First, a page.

+ Huntsville Hamfest
August 19 & 20, 2023
Von Braun Center South Hall
700 Monroe St SW, Huntsville, AL 35801
More information at:

+ Northeast HamXposition and ARRL New England Division Convention
August 25-27, 2023
Best Western Royal Plaza Hotel
Marlboro, MA
More information at:

+ 41st AMSAT Space Symposium & Annual General Meeting
October 20-21, 2023
Sheraton DFW Airport Hotel
4440 W John Carpenter Fwy, Irving, TX 75063
More information at:

[ANS thanks the AMSAT Events page for the above information]

Satellite Shorts From All Over

+ Crew members who will soon fly aboard NASA’s SpaceX Crew-7 mission will enter quarantine Friday in one of the major milestones before they head to the launch site in Florida to start their mission to the International Space Station. The process of flight crew health stabilization is a routine part of final preparations for all missions to the space station. Spending the final two weeks before liftoff in quarantine will help ensure Crew-7 members are healthy, as well as protect the astronauts already on the space station. Commander Jasmin Moghbeli, KI5WSL; Danish ESA pilot Andreas Mogensen, KG5GCZ; JAXA mission specialist Satoshi Furukawa, KE5DAW; and cosmonaut Konstantin Borisov are now scheduled to launch to the International Space Station on August 25. (ANS thanks NASA for the above information)

+ Two Russian Cosmonauts conducted a spacewalk on August 9 Wednesday to to attach three debris shields to the Rassvet module on the International Space Station. Cosmonauts Sergey Prokopyev and Dmitri Petelin also tested the sturdiness of a work platform that will be affixed to the end of the European robotic arm attached to the Nauka multipurpose laboratory module. NASA livestreamed the seven hour spacewalk on YouTube, its website and on the NASA app. As always, ARISS amateur radio operations were suspended during the EVA. (ANS thanks Space Daily for the above information)

+ Russia reignited its moon exploration program on August 10, sending a lander toward Earth’s nearest neighbor. The Luna-25 mission lifted off at 23:10 GMT after being delayed for nearly two years. The launch picked up where the former Soviet Union left off in 1976, when Luna-24 successfully delivered about 6.2 ounces (170 grams) of moon samples to Earth. But that was then. Luna-25 is the first domestically produced moon probe in modern Russian history. If all goes according to plan, Luna-25 will spend the next five days journeying to the moon, then circle the natural satellite for another five to seven days. The spacecraft will then set down in the moon’s south polar region, near Boguslawsky Crater. Once down safe and sound, Luna-25 will work on the lunar surface for at least one Earth year. (ANS thanks for the above information)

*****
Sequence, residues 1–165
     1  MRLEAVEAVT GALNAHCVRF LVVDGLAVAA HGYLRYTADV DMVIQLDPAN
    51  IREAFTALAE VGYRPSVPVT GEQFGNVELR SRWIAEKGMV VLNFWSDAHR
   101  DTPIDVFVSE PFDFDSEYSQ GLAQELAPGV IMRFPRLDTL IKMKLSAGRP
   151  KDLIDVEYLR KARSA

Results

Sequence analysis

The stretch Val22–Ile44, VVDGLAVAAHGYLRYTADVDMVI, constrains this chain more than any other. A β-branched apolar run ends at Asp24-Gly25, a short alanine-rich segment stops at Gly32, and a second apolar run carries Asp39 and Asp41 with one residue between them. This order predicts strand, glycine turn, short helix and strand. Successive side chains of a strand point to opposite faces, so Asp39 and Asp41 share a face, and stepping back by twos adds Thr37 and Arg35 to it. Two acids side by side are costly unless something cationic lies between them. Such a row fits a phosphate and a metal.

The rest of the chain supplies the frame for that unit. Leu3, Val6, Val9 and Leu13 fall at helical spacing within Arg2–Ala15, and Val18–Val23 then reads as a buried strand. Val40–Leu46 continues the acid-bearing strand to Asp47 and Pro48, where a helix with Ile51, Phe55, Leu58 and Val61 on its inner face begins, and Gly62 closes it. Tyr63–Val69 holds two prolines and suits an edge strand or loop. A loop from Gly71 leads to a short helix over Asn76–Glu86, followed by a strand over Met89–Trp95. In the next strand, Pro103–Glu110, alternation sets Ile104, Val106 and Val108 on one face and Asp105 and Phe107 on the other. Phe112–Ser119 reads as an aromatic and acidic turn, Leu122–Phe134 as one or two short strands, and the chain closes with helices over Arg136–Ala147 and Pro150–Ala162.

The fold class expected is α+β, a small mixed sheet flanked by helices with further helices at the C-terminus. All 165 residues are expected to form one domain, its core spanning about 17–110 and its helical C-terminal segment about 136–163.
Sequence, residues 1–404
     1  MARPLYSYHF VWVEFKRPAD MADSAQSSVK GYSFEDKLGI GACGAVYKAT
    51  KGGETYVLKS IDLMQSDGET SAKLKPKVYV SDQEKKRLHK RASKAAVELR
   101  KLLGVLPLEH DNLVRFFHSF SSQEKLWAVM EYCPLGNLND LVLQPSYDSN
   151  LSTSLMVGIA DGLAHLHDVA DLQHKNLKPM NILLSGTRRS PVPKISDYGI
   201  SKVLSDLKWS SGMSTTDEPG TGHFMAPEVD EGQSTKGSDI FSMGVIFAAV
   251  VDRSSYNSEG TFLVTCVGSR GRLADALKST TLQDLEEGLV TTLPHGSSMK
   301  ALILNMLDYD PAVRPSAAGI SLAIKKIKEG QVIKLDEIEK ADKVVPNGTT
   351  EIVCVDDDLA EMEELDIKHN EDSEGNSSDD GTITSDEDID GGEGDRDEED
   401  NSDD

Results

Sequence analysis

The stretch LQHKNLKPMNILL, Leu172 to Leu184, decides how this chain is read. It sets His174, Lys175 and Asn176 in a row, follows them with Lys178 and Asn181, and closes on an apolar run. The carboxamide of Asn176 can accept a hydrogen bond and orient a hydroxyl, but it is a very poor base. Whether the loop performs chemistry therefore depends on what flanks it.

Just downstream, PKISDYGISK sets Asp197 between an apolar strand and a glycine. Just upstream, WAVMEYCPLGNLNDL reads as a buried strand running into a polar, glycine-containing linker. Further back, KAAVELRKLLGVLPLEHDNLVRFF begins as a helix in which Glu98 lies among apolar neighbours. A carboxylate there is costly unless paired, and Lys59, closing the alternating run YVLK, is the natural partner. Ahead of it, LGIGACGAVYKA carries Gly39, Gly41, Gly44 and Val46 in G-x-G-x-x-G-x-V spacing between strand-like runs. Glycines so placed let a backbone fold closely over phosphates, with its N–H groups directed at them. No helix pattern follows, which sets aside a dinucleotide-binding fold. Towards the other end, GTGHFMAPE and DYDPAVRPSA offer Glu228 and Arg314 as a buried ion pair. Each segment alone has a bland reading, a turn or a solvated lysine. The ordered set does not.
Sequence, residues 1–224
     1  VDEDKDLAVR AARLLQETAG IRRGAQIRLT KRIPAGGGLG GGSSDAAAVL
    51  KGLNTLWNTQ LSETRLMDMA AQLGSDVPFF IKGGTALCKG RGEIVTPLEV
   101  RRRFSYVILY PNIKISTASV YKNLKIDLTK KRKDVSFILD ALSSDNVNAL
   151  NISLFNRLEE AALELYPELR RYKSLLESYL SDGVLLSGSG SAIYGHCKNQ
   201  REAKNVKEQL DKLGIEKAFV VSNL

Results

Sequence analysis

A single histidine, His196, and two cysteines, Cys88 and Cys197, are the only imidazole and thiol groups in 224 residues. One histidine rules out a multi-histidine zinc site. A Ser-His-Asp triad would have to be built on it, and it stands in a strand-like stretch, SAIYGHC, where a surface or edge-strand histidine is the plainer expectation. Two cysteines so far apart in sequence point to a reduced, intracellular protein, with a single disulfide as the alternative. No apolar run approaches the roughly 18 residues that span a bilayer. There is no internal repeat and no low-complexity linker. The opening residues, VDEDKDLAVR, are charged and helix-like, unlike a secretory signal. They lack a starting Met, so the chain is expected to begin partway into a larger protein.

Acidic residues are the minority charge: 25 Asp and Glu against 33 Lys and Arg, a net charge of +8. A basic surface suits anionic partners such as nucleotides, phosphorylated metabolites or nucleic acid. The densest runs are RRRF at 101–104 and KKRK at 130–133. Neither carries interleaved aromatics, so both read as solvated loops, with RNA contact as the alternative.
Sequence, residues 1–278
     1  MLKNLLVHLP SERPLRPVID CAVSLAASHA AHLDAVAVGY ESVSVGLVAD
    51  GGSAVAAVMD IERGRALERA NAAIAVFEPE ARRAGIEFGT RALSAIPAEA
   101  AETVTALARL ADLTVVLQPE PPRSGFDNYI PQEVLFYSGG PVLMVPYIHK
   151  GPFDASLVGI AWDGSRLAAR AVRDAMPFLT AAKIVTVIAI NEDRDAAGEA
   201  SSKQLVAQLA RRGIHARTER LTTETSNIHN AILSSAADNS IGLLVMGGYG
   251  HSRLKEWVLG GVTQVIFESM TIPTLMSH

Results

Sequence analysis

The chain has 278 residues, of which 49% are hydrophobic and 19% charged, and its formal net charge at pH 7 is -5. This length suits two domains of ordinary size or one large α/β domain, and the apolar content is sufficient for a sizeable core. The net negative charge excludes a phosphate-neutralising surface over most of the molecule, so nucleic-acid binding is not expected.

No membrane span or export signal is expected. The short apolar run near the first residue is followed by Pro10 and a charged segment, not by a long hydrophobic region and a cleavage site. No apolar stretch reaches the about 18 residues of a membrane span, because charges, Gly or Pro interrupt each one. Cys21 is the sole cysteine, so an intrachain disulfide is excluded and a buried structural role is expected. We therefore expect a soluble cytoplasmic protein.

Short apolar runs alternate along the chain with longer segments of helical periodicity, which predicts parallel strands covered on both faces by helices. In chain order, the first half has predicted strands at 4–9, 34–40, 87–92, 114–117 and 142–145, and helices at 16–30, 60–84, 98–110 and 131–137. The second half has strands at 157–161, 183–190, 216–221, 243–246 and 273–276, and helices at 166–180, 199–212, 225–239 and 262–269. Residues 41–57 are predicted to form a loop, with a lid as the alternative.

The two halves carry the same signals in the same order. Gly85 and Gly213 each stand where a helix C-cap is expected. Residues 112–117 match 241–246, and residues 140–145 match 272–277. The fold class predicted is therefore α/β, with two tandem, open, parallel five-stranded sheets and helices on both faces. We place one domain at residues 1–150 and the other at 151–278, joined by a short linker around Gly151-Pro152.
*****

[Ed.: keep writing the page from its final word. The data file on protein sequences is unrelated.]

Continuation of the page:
+ Also in the race to land on the moon, India’s Chandrayaan-3 lunar lander has returned its first images from the moon after entering orbit around our nearest neighbor. The Indian Space Research Organisation (ISRO) released the images on Sunday, August 6, showing that the spacecraft had reached its destination ahead of a lunar landing attempt expected on Aug. 23. If it’s successful, India will join the United States, the former Soviet Union and China as the only nations to perform a soft lunar landing. (ANS thanks for the above information)

+ Virgin Galactic conducted its second-ever commercial mission on August 10, setting a number of spaceflight records in the process. The company launched its “Galactic 02” flight, sending six people to suborbital space and back. Four of them were women, setting a new mark for most women on a single spaceflight, according to Virgin Galactic. They included the first mother-daughter duo (one of whom became the youngest-ever spaceflyer), as well as the first former Olympian, to reach space. (ANS thanks for the above information)


Join AMSAT today at

In addition to regular membership, AMSAT offers membership to:

* Societies (a recognized group, clubs or organization).
* Primary and secondary school students are eligible for membership at one-half the standard yearly rate.
* Post-secondary school students enrolled in at least half time status shall be eligible for the student rate for a maximum of 6 post-secondary years in this status.
* Memberships are available for annual and lifetime terms.

Contact info [at] for additional membership information.

73 and remember to help Keep Amateur Radio in Space!

This week’s ANS Editor, Mark Johns, KØJM
k0jm [at]